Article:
While it’s palpably sleek, from the further than the Lenovo ThinkPad X1 honestly doesn’t look all that different from a numerous-year-ancient ThinkPad, at least with its lid clogged and at a space. To some extent, that’s since the ThinkPad brand point continues to stay unbendingly iconic: a matte black coating and the classic ThinkPad logo still grace the back lid.

That’s not to say the X1 doesn’t do admirable work refining the formula. The ThinkPad X1 is angular, with sharp edges and tapered sides that form a smaller trace at the underside than the top. The lid and whole mainframe, inside and out, have a charming, very near rubberized touch. Twin hinges open smoothly, and the upper lid opens a full 180 degrees (in fact, even a bit more than that). Even if, to those who don’t study the ins and outs of ThinkPads, some of those fine points may be lost. The X1 feels even better in the hand than it does to the eye. Its top-to-underside charming surfaces feel soft to the touch, and the standardized, clean point is one of the best we’ve seen on a ThinkPad.

In terms of point, the X1 borrows a lot from the ThinkPad Edge line; the clean, raised upright, textured clickpad, and edge-to-edge Brute Glass covering the sight all make the X1 feel more like aclose cousin of the ThinkPad Edge E420s and E220s.

Basically, the X1 is not in fact that thin. Yes, it’s 0.85 inch at its thickest point, but the Samsung Series 9 bests it at 0.64 inch. That’s minor splitting hairs to some, but if we’re having a contest of who’s thinner, the X1 loses. On the other hand, the X1 is thinner than the Toshiba Portege R835.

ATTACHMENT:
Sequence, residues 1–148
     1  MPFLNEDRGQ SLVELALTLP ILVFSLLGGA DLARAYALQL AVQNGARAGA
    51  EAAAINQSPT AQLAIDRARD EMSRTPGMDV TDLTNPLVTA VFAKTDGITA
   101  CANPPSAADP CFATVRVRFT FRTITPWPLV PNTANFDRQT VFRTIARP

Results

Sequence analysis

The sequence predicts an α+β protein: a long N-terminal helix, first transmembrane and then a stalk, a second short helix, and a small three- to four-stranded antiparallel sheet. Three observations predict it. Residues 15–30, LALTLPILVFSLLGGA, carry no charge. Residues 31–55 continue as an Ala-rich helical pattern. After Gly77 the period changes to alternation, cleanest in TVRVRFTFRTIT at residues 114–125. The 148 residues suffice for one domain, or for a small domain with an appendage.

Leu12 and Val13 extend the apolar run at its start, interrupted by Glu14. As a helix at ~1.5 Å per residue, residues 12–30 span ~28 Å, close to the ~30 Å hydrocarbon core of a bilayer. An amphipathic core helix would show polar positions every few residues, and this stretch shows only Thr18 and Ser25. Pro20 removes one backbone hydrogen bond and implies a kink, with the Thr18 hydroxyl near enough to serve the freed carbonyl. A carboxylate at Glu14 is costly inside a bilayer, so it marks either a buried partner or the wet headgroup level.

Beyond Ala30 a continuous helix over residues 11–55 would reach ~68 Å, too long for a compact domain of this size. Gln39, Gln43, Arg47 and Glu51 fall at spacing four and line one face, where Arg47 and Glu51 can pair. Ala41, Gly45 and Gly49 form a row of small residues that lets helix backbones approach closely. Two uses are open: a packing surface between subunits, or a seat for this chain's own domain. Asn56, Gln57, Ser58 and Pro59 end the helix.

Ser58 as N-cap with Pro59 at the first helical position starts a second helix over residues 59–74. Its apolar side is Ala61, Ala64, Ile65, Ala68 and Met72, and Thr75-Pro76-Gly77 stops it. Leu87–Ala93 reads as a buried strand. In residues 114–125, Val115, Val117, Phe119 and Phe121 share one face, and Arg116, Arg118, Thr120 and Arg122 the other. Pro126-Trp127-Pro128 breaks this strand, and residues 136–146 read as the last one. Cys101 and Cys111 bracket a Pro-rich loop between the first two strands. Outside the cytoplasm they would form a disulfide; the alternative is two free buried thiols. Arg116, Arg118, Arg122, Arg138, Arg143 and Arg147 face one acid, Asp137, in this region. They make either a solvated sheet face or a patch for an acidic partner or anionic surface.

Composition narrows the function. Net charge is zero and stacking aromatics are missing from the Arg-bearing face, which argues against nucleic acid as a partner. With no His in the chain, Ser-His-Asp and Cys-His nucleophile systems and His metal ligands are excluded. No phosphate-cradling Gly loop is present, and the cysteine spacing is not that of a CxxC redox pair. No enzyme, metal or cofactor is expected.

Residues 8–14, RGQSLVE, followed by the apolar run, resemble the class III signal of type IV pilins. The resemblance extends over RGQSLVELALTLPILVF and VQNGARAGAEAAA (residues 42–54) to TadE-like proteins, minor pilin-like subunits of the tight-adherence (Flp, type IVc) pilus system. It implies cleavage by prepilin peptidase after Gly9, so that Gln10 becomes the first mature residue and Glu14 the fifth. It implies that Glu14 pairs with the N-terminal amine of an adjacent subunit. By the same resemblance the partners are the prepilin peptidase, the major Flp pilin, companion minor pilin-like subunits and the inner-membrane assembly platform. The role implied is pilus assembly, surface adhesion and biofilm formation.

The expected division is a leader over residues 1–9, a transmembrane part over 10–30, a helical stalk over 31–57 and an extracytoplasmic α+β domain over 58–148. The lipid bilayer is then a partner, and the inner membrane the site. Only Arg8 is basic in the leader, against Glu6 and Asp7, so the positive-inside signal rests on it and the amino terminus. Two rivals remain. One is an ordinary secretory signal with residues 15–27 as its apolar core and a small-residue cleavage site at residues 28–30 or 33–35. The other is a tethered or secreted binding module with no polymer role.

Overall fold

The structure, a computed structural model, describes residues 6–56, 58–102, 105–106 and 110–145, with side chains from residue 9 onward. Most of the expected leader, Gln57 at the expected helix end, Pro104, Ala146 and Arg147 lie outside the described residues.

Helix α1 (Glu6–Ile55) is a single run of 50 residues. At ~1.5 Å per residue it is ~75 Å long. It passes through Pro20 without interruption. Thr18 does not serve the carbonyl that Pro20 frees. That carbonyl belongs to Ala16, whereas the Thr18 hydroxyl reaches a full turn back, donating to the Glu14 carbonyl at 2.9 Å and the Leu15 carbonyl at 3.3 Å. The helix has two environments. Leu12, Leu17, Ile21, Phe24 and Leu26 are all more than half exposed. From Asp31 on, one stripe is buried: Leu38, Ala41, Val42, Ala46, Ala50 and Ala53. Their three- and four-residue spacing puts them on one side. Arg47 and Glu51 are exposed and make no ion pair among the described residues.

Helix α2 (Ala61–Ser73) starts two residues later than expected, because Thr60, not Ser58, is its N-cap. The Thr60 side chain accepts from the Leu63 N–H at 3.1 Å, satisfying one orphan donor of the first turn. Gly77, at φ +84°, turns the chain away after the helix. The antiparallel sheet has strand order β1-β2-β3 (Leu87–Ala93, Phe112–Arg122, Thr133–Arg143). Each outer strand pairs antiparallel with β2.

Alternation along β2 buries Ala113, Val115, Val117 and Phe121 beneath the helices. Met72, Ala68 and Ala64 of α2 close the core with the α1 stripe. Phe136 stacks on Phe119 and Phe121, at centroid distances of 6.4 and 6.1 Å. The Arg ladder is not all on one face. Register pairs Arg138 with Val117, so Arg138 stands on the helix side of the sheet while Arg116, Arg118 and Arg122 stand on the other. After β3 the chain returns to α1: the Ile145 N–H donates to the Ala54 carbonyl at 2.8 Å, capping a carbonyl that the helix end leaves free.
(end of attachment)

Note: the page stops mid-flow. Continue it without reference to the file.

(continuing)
At 3.8 pounds, the X1 is lighter than the mean 13-incher, but not compared with its thin brethren; the Portege R835, MacBook Air, and Samsung Series 9 are all lighter. The X1′s dense roll-cage construction feels the sturdiest of all of these laptops, but it also makes for a denser manufactured goods.

The upright, with its bowl-shaped island-style keys, is fantastic to type on–as is near permanently the case with ThinkPads. It’s also backlit, a new touch for a ThinkPad that we’d like to see it on other models, as the devious LED lighting comes in handy in dim rooms. The square multitouch click-style touch pad below has a grid texture and excellent friction, and works like a lever–the underside half clicks while the top half stays place. Extra buttons above the touch pad are meant for use with the brand Lenovo trackpoint, nestled between the G, H, and B keys. We don’t use it, but we know it has quite a dedicated niche later. At least the touch pad’s space isn’t compromised much by the extra buttons.